The most common eye injuries are:
1) Actinic keratitis
Is it an injury to the cornea caused by sunlight? It usually appears after having been sunbathing without eye protection. Sometimes these lesions have a toxic origin, due to eye contact with sunscreen creams, which dissolve with sweat entering our eyes. Its characteristic symptoms are pain, tearing, red eye, swelling of the eyelids and photophobia (pain to light).
This lesion is diagnosed by observing a puncture in the corneal epithelium (the outermost layer of the cornea), which actually translates into the presence of small corneal ulcers and heals in a few days with the application of artificial tears and ocular antibiotics.
To avoid it, we must use sunglasses or special opaque glasses for sunbathing (commonly used in solariums) and, if the patient suffers from dry eye, it is important to increase the frequency of the use of artificial tears during the summer.
2 ) Conjunctivitis
We must differentiate between allergic and infectious conjunctivitis.
Patients with spring allergic conjunctivitis (usually children) worsen during the summer when exposed to the sun and heat. It is recommended that parents of allergic children try to change their summer habits and change the beach to the mountains, where the temperatures are milder and more suitable for these patients.
If the patient worsens, it is advisable to put cold compresses on the eyelids and avoid scratching the eyes.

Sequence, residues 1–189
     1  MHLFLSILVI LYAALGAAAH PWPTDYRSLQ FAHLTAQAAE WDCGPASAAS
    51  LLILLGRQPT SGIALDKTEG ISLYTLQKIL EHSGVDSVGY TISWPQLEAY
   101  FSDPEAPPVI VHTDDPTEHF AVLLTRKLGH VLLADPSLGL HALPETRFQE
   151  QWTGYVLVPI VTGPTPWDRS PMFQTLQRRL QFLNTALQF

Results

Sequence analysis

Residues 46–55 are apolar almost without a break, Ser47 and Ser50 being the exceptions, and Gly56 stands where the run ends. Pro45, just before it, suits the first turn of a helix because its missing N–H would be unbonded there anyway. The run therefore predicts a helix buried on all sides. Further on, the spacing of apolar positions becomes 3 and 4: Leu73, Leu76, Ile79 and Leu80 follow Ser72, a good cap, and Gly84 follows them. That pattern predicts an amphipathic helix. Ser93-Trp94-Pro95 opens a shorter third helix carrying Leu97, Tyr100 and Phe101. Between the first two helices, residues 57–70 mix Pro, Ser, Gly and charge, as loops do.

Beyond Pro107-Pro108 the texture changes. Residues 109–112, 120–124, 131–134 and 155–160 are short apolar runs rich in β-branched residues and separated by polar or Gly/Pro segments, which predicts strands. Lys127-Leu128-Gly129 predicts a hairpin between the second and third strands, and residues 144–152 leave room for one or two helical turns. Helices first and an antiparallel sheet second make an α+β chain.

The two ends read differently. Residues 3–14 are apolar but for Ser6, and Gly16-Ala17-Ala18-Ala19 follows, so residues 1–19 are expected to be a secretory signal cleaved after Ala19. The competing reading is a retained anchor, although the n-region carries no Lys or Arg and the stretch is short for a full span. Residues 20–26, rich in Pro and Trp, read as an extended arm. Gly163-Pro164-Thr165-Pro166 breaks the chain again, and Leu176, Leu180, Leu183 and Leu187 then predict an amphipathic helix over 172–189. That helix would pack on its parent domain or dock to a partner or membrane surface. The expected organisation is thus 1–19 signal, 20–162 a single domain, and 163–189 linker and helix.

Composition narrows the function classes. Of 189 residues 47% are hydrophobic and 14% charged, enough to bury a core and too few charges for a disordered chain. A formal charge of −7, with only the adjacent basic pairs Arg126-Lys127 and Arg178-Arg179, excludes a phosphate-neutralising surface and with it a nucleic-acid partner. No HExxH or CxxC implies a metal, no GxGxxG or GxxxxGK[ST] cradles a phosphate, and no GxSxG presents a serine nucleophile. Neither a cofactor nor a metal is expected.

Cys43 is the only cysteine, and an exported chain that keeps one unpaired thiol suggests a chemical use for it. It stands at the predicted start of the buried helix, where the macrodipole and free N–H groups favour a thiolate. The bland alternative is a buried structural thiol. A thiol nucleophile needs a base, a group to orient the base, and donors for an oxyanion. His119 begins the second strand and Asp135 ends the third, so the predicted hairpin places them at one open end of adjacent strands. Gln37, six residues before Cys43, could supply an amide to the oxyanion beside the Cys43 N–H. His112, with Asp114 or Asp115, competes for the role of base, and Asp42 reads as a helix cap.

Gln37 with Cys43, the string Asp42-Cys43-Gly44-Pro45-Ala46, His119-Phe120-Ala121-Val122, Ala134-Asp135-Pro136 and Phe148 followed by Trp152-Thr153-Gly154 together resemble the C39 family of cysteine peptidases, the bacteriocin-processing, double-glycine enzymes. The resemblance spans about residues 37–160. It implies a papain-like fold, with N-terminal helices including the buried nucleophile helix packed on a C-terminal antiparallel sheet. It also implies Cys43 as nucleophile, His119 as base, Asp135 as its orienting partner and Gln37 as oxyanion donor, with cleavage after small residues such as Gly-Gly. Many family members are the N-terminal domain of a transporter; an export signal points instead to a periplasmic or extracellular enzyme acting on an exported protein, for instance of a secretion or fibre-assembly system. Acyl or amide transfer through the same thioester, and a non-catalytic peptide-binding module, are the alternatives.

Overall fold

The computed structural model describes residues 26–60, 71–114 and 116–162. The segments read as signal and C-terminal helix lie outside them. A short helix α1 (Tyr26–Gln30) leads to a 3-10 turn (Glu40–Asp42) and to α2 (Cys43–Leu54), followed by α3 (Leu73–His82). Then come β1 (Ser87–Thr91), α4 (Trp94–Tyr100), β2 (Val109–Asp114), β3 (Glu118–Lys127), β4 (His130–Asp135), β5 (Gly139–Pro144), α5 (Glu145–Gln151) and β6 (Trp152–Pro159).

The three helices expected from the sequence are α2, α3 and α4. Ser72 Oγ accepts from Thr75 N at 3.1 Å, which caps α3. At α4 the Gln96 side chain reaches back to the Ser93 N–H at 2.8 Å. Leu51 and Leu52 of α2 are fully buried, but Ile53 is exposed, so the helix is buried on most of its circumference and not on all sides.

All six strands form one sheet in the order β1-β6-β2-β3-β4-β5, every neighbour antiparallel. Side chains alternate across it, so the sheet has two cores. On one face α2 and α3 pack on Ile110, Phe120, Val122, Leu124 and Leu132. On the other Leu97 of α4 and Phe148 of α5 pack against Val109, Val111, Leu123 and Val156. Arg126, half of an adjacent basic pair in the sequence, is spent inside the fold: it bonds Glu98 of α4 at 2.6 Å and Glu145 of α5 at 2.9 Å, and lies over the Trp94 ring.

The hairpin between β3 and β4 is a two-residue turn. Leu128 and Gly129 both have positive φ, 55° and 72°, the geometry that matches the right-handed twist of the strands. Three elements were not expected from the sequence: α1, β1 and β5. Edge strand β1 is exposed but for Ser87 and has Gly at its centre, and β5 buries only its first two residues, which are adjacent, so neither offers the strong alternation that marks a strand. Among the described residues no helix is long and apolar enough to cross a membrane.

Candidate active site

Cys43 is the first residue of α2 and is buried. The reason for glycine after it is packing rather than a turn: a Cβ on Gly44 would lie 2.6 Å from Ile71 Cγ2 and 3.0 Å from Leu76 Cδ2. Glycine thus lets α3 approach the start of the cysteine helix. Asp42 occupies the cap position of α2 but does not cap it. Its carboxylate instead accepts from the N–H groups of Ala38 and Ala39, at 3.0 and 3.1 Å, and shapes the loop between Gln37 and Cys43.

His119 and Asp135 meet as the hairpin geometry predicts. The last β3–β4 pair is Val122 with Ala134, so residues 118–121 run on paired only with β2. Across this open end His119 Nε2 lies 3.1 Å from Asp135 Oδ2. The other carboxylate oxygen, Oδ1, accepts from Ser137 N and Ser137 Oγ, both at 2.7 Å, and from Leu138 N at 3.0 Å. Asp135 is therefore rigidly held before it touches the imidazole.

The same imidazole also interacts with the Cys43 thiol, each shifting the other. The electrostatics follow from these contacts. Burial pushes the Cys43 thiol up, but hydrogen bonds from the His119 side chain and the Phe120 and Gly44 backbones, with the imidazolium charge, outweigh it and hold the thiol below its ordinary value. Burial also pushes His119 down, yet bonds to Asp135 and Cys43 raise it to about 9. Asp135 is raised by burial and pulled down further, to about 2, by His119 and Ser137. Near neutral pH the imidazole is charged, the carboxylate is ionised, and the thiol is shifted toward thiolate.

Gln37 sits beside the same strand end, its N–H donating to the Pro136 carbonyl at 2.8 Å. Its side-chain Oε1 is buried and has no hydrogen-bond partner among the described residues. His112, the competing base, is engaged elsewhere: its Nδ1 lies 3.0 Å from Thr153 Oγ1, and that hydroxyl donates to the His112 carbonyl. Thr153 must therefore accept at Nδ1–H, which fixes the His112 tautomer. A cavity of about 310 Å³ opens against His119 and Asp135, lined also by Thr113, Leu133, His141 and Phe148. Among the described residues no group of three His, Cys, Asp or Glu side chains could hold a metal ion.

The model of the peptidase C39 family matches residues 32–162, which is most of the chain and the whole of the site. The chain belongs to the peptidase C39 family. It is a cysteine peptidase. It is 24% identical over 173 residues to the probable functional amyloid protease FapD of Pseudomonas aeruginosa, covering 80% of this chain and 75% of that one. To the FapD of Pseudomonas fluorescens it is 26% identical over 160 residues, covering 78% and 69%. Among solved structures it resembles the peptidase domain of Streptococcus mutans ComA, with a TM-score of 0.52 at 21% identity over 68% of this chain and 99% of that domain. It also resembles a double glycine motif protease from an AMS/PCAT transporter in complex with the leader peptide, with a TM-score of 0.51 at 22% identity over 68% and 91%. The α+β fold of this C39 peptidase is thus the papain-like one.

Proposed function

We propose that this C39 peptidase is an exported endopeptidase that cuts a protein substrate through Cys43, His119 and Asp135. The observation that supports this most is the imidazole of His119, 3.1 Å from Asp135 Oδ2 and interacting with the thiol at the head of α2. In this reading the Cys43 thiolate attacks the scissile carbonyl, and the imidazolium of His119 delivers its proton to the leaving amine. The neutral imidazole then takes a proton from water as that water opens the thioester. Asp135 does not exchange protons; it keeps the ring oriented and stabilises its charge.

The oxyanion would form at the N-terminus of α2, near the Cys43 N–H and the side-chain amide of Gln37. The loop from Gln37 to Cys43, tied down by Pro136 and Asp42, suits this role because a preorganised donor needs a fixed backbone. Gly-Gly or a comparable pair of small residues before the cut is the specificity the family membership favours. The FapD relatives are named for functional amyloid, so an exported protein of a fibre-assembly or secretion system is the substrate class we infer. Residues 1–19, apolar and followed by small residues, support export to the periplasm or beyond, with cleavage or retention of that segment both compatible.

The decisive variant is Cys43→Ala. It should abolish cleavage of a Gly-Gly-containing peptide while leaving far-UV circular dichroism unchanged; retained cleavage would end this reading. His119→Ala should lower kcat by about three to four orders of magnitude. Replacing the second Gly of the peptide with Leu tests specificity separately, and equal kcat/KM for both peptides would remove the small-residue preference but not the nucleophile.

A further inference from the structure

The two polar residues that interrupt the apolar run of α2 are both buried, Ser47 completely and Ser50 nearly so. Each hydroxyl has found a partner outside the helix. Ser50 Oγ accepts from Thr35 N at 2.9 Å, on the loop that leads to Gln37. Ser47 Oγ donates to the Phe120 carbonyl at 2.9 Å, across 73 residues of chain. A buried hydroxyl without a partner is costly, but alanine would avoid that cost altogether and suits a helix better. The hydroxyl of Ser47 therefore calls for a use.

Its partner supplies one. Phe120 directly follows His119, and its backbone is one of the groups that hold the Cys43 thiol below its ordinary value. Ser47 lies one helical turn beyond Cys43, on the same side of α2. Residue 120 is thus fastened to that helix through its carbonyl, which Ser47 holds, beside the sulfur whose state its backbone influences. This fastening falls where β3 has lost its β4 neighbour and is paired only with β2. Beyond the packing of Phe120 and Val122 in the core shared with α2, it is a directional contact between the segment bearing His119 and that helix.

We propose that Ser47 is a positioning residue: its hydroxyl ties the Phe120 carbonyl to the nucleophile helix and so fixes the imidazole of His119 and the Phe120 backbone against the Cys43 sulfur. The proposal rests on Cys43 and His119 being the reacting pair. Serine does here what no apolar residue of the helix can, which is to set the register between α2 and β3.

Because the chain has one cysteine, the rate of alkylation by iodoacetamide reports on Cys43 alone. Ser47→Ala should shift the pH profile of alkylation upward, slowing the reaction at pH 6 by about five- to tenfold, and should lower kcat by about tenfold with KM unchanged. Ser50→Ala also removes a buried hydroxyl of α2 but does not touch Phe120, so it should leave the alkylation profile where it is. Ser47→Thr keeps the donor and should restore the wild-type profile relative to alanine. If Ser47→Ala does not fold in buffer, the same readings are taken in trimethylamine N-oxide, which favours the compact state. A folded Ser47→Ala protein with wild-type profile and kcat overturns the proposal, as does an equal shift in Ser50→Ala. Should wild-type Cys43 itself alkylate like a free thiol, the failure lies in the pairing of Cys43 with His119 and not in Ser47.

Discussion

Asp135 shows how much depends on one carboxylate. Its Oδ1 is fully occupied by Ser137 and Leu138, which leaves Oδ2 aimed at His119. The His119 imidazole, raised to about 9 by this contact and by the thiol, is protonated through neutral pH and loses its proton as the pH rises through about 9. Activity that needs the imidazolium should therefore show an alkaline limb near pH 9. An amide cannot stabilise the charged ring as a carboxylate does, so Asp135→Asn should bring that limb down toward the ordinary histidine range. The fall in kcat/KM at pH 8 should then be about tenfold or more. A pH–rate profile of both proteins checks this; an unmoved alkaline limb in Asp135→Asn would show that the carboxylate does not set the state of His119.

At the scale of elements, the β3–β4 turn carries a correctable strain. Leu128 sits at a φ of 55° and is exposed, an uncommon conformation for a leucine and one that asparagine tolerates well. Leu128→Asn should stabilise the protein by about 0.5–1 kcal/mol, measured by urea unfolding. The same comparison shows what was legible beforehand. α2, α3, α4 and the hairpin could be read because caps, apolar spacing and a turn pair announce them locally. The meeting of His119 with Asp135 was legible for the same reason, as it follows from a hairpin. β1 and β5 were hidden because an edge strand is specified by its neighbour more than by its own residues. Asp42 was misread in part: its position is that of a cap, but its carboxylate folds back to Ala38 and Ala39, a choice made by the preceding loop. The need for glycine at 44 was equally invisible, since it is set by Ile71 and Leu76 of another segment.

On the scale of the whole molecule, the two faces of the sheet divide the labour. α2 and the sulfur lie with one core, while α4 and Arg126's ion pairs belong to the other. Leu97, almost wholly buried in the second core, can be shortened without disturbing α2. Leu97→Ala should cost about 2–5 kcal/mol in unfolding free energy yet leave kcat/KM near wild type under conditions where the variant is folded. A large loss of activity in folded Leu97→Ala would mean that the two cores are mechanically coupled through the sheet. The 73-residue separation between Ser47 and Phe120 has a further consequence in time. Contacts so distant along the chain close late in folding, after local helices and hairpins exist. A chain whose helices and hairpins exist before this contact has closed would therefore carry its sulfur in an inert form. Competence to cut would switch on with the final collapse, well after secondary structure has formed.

The most frequent infectious conjunctivitis in summer is viral and especially that caused by adenovirus. This virus is highly contagious and usually infects us in swimming pools and beaches.
The patient feels burning and has intense tearing, very red eyes and great swelling of the eyelids, especially in the morning. Viral conjunctivitis produces a transparent discharge that the patient mistakes for tearing, but these tears are loaded with viruses and can infect several members of the same family.
To avoid family contagion, the patient must take strict hygienic measures such as having their own towel, washing their hands a lot, and using gauze pads or tissues to clean their eyes.
It is important to go to the ophthalmologist to establish the most appropriate treatment and follow-up since sometimes the virulence of the virus can complicate conjunctivitis with keratitis, which can last for months and even cause a decrease in visual acuity by leaving scars on the cornea.
Summer is especially difficult for contact lens wearers
Summer is an added problem for users of glasses, due to the difficulty in bathing on the beach or in the pool with them and the problem of finding their towel once the bath is finished.
For this reason, many patients use contact lenses on the beach and in the pool, something totally discouraged due to the risks involved. Contact lenses dry out with heat and the sun, frequently causing keratitis, which if not attended to and treated urgently by the ophthalmologist, can be complicated by corneal infections, which can rapidly progress into the eye.